As choir teachers passionate about music, Jed and Mandy Scott found themselves in Nirvana this summer by studying under renowned choral composer Alice Parker.
The Rockford Public Schools couple spent a week at Parker’s idyllic farm property in Massachusetts, learning from and singing with one of America’s premier composers.
“She’s like a guru,” said Jed, a choral composer and director of the Rockford Aces boys’ chorale. “She carries all this wisdom and knowledge and shares it very freely.”
“It was really transformative,” added Mandy, director of choirs at Rockford High School, calling Parker “a spiritual leader to the music community.”
The Scotts were among many Kent County teachers who spent part of their summer enriching their teaching, educating other teachers or taking students to eye-opening places. Far from chilling all summer, many educators use the break to further their professional skills andgive students new experiences.
For Jed and Mandy Scott, their time with Parker was a follow-up to her 2013 visit to Rockford. She composed a piece for the Rockford Aces, attended its premier performance and gave workshops. Staying with the couple, she became like a grandmother to their children and invited them to visit her.
They did just that in July. They stayed in one of her cabins near mountains and a brook, where their three sons caught tadpoles. In Parker’s studio, they sang around her Steinway, and absorbed her teachings about the importance of conveying “meaningful sound” through music and poetry. They intend to apply her teachings with their students.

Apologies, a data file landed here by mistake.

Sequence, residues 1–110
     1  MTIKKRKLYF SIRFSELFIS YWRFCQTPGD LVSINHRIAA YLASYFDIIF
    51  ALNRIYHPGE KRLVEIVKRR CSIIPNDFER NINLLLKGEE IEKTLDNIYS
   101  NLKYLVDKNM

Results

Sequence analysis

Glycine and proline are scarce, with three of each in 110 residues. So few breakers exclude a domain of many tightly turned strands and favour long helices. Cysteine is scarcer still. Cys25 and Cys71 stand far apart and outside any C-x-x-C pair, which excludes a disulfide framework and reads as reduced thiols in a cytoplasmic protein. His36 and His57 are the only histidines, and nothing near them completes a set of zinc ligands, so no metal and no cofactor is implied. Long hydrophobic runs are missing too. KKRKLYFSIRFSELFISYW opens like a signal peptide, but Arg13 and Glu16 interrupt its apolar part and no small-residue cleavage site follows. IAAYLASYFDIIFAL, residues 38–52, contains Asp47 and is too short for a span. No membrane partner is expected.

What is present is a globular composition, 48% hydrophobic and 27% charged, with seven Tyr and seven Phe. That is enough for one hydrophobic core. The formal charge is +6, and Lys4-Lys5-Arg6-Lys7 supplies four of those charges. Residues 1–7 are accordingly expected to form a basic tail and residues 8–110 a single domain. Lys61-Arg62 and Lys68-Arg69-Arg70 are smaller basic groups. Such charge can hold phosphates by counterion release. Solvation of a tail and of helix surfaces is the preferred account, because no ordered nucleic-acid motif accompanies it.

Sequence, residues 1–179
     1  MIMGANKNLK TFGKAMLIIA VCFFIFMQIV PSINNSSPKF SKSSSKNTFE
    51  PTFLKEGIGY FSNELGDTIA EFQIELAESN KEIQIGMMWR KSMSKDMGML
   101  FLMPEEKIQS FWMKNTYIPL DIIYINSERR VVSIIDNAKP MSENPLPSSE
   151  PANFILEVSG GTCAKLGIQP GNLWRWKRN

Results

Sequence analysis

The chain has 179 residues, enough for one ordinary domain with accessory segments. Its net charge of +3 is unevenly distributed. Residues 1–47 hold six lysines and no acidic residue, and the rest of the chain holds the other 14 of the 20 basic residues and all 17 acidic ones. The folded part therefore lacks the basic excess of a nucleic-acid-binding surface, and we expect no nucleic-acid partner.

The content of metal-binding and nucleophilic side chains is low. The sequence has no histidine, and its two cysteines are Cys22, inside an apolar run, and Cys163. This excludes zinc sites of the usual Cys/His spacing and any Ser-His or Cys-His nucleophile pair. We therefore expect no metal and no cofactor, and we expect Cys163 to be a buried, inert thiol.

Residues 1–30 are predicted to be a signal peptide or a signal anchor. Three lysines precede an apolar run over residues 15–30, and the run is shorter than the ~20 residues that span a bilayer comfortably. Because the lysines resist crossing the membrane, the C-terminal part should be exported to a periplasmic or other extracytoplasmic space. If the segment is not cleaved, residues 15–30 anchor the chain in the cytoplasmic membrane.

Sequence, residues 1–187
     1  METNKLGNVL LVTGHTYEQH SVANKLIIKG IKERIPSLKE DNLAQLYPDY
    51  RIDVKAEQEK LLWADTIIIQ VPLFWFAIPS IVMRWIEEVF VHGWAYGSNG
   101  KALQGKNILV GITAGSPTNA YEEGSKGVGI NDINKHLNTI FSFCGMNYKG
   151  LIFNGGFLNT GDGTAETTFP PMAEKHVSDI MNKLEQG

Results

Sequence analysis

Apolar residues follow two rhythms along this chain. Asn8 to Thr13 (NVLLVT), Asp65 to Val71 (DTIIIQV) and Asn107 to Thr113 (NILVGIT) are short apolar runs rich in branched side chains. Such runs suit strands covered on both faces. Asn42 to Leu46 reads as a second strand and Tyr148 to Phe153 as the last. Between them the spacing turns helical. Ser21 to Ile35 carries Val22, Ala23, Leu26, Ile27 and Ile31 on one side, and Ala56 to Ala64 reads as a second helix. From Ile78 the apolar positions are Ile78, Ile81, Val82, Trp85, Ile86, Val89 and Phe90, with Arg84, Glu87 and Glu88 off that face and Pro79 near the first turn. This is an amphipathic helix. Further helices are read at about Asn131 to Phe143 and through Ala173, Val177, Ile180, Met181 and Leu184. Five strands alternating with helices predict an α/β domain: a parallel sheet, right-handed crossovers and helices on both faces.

“I want to spend more time with the text of the music we’re singing,” Mandy said. “Once you’re inside the poetry, it’s so much easier to communicate the song and touch people’s hearts.”
Another Rockford teacher, Roguewood Elementary Spanish Immersion teacher Sheryl Dalman, worked with other immersion specialists across West Michigan to plan classroom research projects, while Roguewood teacher Kathy Walcott trained immersion teachers in the Dominican Republic.
More Music, Rock-Style
Kentwood Middle School Orchestra director Ingrid Dykeman spent a week immersed in a different musical milieu — rocking out. Each summer, the cellist lets her hair down, creating music with electric energy that circuits back to her orchestra students.
As a volunteer counselor at the Mark Wood Rock Orchestra Camp at MidAmerica Nazarene University in Olathe, Kansas, Dykeman helps classically trained young people learn cutting-edge alternative music. She serves as a camp counselor and plays her Cobra Electric Cello in two orchestras there.
Wood, an Emmy-winning composer and member of the Trans-Siberian Orchestra, is a natural educator who captivates students, Dykeman said. She incorporates what she learns at his camp into Kentwood’s middle-school music curriculum and the district’s Anything But Classical (ABC) Orchestra.
Artist mentors including Wood use his Electrify Your Strings music education program at camp and to help schools put on rock concerts. Wood has performed with students at Kentwood Public Schools.
Dykeman calls the camp invigorating. “When you go and see it, you just know this is something you must incorporate into your classroom,” said the 25-year school music director. Many of her students, including some campers, have embraced rock and alternative music, snagged scholarships and learned to play outside their comfort zones.